One in four UK tenants who rent privately would not tell their landlord about 'significant damage', a new survey suggests.

The poll, conducted by YouGov for property marketplace The House Shop, revealed that 27 per cent of renters would keep quiet if they had caused any major damage to their rented home.

However, the survey also found that they would offer to pay for the repairs.

Meanwhile, 15 per cent of respondents said they would hire a professional to take care of the damage whilst 11 per cent would try to repair the damage themselves.

Only 1 per cent of renters said they would try to conceal the damage in the hope their landlord wouldn’t find out about it.

In the survey, 58 per cent of renters said they would report the damage to their landlord - and of this cohort, one quarter would offer to pay the full bill.

A further 7 per cent would offer to make a contribution to the costs, while 27 per cent would wait and see whether they had to pay.

Nick Marr, The House Shop’s co-founder, said: “While the vast majority of tenants will not actively try to do damage to a property, accidents do happen, and even well-meaning and reliable tenants can end up inflicting significant damage during their tenancy.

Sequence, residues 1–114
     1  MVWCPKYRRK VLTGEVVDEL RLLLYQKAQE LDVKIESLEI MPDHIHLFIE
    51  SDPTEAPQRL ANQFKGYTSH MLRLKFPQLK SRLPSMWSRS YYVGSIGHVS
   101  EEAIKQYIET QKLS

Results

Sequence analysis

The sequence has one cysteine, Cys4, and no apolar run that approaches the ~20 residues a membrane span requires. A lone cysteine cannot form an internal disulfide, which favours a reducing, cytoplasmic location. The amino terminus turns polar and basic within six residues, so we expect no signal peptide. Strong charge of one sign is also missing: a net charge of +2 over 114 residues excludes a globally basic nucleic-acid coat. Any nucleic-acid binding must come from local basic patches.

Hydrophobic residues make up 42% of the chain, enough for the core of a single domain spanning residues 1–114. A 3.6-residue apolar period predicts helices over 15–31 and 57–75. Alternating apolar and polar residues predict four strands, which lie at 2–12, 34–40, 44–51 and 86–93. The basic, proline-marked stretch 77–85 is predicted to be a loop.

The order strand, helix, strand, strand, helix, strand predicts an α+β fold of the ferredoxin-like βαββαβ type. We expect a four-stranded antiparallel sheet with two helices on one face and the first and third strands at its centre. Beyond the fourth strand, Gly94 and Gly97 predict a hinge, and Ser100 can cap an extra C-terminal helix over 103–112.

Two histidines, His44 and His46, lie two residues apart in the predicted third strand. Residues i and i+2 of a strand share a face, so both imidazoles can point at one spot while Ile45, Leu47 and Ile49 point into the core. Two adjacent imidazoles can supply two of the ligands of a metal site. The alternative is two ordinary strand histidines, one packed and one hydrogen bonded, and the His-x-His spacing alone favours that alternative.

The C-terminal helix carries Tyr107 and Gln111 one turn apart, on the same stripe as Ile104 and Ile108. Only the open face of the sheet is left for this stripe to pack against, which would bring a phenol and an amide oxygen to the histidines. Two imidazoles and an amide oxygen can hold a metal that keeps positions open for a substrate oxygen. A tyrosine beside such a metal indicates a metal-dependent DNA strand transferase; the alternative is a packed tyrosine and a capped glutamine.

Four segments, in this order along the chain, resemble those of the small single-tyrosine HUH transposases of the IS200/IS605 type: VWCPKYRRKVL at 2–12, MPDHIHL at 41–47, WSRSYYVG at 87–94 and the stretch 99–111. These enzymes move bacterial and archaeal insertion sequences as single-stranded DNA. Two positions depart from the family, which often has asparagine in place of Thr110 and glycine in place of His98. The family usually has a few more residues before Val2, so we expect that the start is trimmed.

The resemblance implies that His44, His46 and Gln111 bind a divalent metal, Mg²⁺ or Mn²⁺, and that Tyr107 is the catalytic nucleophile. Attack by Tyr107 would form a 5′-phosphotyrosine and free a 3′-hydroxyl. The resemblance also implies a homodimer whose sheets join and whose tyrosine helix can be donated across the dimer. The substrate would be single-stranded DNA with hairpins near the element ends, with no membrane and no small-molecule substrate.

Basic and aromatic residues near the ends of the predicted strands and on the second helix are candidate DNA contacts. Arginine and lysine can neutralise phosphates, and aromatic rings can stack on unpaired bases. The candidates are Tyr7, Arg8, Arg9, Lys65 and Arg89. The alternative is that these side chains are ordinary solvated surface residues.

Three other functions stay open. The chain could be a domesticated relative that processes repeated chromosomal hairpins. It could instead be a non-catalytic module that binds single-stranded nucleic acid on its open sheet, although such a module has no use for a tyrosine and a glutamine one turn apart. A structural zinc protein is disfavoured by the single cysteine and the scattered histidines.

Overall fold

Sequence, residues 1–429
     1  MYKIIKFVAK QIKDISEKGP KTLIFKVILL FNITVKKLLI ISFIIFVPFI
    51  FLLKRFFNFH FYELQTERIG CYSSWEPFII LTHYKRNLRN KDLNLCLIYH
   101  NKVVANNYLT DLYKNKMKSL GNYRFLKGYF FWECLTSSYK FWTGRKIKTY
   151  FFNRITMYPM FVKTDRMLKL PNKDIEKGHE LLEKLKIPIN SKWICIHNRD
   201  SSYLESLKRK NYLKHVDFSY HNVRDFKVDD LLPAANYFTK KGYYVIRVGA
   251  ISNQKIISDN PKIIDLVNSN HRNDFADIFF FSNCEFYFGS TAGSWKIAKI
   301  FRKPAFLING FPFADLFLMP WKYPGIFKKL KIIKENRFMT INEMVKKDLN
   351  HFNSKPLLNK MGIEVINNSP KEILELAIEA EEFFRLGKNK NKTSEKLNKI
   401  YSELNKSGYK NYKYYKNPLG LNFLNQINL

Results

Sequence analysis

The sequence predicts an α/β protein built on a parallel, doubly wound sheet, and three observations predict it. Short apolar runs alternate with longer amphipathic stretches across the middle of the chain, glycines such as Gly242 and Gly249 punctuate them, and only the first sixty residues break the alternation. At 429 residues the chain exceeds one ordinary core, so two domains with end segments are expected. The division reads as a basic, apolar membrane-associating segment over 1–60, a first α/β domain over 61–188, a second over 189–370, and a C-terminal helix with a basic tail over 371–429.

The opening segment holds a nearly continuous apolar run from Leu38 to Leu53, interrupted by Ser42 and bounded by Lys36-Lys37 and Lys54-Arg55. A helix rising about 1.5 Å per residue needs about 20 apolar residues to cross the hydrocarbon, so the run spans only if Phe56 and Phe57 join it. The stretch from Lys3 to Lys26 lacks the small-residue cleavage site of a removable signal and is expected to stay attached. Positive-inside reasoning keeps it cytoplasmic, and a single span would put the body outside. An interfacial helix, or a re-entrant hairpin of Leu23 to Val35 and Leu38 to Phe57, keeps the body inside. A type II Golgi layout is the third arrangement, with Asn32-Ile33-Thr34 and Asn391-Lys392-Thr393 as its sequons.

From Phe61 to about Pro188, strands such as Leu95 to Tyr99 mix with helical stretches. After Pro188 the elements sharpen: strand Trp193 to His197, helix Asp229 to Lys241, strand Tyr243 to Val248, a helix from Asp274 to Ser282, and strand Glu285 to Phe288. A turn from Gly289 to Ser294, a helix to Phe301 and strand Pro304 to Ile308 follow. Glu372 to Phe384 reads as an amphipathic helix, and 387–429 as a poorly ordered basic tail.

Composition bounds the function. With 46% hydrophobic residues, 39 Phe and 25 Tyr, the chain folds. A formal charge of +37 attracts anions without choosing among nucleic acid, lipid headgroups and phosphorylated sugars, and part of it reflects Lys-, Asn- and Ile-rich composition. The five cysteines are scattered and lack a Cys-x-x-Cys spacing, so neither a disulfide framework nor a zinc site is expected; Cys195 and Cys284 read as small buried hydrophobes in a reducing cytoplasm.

“The best advice I could give to landlords would be to encourage an open and honest relationship with their tenants, so that tenants don’t feel scared or nervous about reporting any damages as soon as they happen."

He said that having 'a direct relationship' with tenants, rather than using a third party agent or management service, was 'a great way to build trust and avoid any nasty surprises further down the line.'

He warned that hiding the damage or attempting to repair it themselves could make a bad situation worse.

"The best way to get around those is to carefully check tenants before moving in, in the hopes to avoid any rowdy renter as much as possible," Mr Marr advised.

He suggested that being an 'open-minded landlord', with whom a tenant feels comfortable enough to raise issues, may also save cash in the long-run.